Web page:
With Technology, a Tailored In-Store Experience Becomes Reality

In today’s brick-and-mortar, retail technology is a hot topic. At a recent event hosted by the Advanced Technology Development Center (ATDC) at Georgia Tech, they took it a step further by bringing Augmented Reality (AR) and Virtual Reality (VR) into the conversation. The keynote speaker, Annie Eaton, CEO of Futurus, took a deep dive into how various retailers are using the technology to create an immersive shopping experience.

The path to creating that immersive experience came shortly into Annie’s presentation when the conversation shifted to engaging individuals’ senses. Immediately, some folks were excited about the story Annie was telling while others were a little skeptical. But in its simplest form, VR and AR is about engaging individuals senses in a deeper way. Use VR headsets as an example. By themselves, they are pretty cool, but the function of this hardware is to create an engaging environment through the engagement of an individual’s visual and auditory senses. Then Annie shared examples of IKEA’s new AR app that allows shoppers to visually place IKEA products into someone’s personal home and how 19 Crimes allows wine lovers to see and hear the story of a criminal’s past from the actual wine label. It didn’t take long for the skepticism to disappear and be replaced with a clear understanding that immersive experiences are possible in any environment.

The following are 6 levers discussed during the ATDC event and how to leverage them in an immersive in-store experience:

Audio

What an interesting place to start…audio? Maybe it doesn’t seem as important as some other tools, but in many ways, audio is the difference between a positive and negative experience. Just ask Disney about the It’s a Small World ride. Like it or dislike it, the audio is a key piece of their immersive experience.

In retail, audio could be the most powerful tool. Besides just piping music into the store, audio is a great way to capture someone’s attention. Activating a sound or changing the music at just the right time is a way to capture and direct someone’s attention to a specific area of the store or create a feeling within a shopper. Could you imagine hearing the opening to “We Will Rock You” as you walk past the football or soccer jerseys of your local sports store?

2D/3D Art

Ok, now we’re getting into AR/VR…2D and 3D art. It sounds amazing and could be amazing. How real is it though? Without the right kind of device and/or headgear, 3D is a challenge, but 2D is happening every day in brick-and-mortar. We may not call our in-store advertising art, but that’s exactly what it is. What matters is the quality of that art.

Physical displays and merchandising is still the norm, but framing a digital display within a kiosk or area of the store is a great way to up the game. If you’re really sophisticated, displaying content tailored to the shopper profile creates a unique experience. For example, take someone like Kiehl’s who actually puts a frame around some of their digital displays and provides content to their shoppers as they walk in the door.

Story Telling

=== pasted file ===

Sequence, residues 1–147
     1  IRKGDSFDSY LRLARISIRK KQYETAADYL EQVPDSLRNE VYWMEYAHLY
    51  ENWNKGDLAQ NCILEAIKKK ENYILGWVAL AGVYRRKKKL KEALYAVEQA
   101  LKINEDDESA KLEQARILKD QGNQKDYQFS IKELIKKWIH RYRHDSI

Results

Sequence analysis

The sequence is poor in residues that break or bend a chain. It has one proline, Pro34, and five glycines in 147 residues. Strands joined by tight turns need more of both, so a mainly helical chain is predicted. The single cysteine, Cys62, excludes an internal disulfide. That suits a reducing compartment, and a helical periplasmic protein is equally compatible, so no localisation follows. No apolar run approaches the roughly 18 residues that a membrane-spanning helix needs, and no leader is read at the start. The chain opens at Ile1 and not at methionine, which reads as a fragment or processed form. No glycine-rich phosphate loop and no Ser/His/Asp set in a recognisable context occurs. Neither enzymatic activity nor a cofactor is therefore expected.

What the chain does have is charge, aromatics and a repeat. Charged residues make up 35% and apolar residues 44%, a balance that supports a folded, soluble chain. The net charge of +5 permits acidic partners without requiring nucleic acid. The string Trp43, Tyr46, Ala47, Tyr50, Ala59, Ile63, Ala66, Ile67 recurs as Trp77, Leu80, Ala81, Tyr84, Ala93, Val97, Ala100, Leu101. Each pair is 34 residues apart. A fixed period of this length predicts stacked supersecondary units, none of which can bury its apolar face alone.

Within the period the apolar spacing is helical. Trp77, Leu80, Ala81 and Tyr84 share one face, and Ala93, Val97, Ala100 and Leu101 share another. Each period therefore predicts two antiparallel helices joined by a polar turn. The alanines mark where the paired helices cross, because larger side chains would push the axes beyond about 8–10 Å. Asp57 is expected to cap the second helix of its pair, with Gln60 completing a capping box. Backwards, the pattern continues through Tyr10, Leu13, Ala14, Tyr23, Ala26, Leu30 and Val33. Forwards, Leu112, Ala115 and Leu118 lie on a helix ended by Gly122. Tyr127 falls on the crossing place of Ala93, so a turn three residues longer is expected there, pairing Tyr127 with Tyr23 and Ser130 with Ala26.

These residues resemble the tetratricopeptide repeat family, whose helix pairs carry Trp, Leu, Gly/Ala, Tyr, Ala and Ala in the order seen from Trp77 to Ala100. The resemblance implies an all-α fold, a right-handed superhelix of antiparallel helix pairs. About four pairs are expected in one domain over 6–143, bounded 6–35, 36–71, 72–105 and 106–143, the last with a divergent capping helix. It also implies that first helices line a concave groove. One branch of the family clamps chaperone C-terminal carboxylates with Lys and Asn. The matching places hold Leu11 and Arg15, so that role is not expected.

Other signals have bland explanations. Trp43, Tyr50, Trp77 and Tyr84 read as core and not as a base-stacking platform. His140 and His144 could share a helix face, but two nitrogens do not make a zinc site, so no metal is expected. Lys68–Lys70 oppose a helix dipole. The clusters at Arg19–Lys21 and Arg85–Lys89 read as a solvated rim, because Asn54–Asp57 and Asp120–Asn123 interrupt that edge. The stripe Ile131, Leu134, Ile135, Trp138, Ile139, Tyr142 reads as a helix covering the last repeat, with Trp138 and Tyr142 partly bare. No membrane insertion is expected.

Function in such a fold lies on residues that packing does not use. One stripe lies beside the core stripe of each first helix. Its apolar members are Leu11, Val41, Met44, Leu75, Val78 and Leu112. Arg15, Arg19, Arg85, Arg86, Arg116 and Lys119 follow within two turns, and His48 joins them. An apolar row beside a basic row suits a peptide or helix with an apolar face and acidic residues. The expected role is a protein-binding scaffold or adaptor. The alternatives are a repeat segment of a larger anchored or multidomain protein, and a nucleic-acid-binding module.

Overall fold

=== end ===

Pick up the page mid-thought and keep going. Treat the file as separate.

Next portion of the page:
Ask any marketer in any industry, and they will all agree that everything they do is about story telling and taking people on a journey. Even this blog is about telling a relevant story to the reader that causes them (aka you) to think more seriously about the in-store experience. If it’s successful, the individual is more likely to take the next step in the buyer’s journey.

A perfect example is Bonobos’ famous guide shops. Not long ago, this retailer was an eCommerce giant, but they’ve mastered story telling in their stores, designed to take shoppers on a journey – work with a knowledgeable associate, find the right fit, and walk out hands-free. Yes, you heard it right…all purchases are done electronically and shipped home. It’s an experience, not an exercise, in shopping. It’s also been highly successful with Bonobos recognizing 5 times the revenue per square foot of other men’s clothing stores.

Hardware and Software Design

This is really two different tools in the immersive experience, but many times one doesn’t work well without the other. Some might argue physical hardware, demos, or displays are a good stand-alone solution, which is true, but for a truly immersive experience, it’s a mix of the two.

One great example is Mizuno’s Experience Center in Battery Park near the Atlanta Braves’ stadium. For the avid golfer, they are able to hit golf balls onto a screen that creates a virtual experience of being on a golf course while also analyzing your swing to identify the perfect clubs. These kinds of experiences are becoming more and more common because of its success in creating an immersive experience.

Creative

Last but definitely not least is the creative. Creative by itself is minor, but when combined with each of the other five levers, it’s hugely important. We’ve all read bad stories, seen bad art, and experienced poor audio. Heck, can we all agree elevator music should be banned unless it’s AC/DC?

It’s the creative that differentiates one retailer from another. What if Kiehl’s put their displays into a cheap frame and shoppers could see the monitor and wires? What if Bonobos’ associates first question was “what do you want?” or the design of the store included 1970s shag carpet? How about if Mizuno’s virtual golf game looked like it was an old Atari game? Albeit Atari is still pretty awesome, it’s probably not the immersive experience shoppers are looking for.

The most immersive experiences are those where brick-and-mortar retailers incorporate technology and leverage multiple tools to engage shoppers. What will you do to create that tailored experience?